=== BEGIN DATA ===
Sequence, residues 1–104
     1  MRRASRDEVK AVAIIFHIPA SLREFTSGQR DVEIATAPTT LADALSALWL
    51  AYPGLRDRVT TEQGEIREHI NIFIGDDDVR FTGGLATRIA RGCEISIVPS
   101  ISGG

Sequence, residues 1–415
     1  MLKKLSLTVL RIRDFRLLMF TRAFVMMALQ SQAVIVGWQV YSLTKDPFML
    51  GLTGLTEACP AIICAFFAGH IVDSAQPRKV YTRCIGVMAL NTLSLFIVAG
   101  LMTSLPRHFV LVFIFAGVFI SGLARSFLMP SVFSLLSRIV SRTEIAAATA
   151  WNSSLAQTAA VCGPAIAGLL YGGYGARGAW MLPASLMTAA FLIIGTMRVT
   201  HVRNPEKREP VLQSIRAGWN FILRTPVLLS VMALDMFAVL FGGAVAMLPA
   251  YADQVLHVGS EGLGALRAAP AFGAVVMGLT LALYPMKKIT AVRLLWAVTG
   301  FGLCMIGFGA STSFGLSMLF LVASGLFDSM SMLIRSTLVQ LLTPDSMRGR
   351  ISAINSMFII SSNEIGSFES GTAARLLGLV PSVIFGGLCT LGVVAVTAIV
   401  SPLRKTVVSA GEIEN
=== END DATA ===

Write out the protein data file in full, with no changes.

Sequence, residues 1–104
     1  MRRASRDEVK AVAIIFHIPA SLREFTSGQR DVEIATAPTT LADALSALWL
    51  AYPGLRDRVT TEQGEIREHI NIFIGDDDVR FTGGLATRIA RGCEISIVPS
   101  ISGG

Sequence, residues 1–415
     1  MLKKLSLTVL RIRDFRLLMF TRAFVMMALQ SQAVIVGWQV YSLTKDPFML
    51  GLTGLTEACP AIICAFFAGH IVDSAQPRKV YTRCIGVMAL NTLSLFIVAG
   101  LMTSLPRHFV LVFIFAGVFI SGLARSFLMP SVFSLLSRIV SRTEIAAATA
   151  WNSSLAQTAA VCGPAIAGLL YGGYGARGAW MLPASLMTAA FLIIGTMRVT
   201  HVRNPEKREP VLQSIRAGWN FILRTPVLLS VMALDMFAVL FGGAVAMLPA
   251  YADQVLHVGS EGLGALRAAP AFGAVVMGLT LALYPMKKIT AVRLLWAVTG
   301  FGLCMIGFGA STSFGLSMLF LVASGLFDSM SMLIRSTLVQ LLTPDSMRGR
   351  ISAINSMFII SSNEIGSFES GTAARLLGLV PSVIFGGLCT LGVVAVTAIV
   401  SPLRKTVVSA GEIEN